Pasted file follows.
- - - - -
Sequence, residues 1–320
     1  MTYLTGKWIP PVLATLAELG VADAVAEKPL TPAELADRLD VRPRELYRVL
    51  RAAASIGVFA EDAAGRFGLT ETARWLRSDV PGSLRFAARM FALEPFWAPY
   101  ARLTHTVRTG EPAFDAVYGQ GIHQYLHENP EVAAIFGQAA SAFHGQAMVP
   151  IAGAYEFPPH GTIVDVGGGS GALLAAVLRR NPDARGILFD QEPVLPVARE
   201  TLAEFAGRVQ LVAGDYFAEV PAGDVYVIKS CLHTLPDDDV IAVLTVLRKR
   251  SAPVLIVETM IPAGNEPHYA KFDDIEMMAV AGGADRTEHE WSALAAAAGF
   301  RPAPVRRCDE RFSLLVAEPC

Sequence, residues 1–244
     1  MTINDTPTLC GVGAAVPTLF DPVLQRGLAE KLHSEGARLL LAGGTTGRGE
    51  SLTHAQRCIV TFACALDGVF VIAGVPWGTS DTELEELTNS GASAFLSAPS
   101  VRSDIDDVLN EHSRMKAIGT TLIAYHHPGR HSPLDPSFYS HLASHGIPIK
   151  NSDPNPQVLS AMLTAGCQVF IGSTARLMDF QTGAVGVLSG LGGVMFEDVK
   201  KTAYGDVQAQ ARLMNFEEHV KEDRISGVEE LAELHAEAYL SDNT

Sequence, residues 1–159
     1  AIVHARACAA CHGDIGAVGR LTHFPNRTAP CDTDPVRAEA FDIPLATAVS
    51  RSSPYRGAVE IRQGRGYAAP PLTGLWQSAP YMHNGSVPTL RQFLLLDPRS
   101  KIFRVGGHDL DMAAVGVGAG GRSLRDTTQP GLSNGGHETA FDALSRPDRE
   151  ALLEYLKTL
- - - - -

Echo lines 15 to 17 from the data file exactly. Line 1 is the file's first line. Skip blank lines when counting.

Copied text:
Sequence, residues 1–159
     1  AIVHARACAA CHGDIGAVGR LTHFPNRTAP CDTDPVRAEA FDIPLATAVS
    51  RSSPYRGAVE IRQGRGYAAP PLTGLWQSAP YMHNGSVPTL RQFLLLDPRS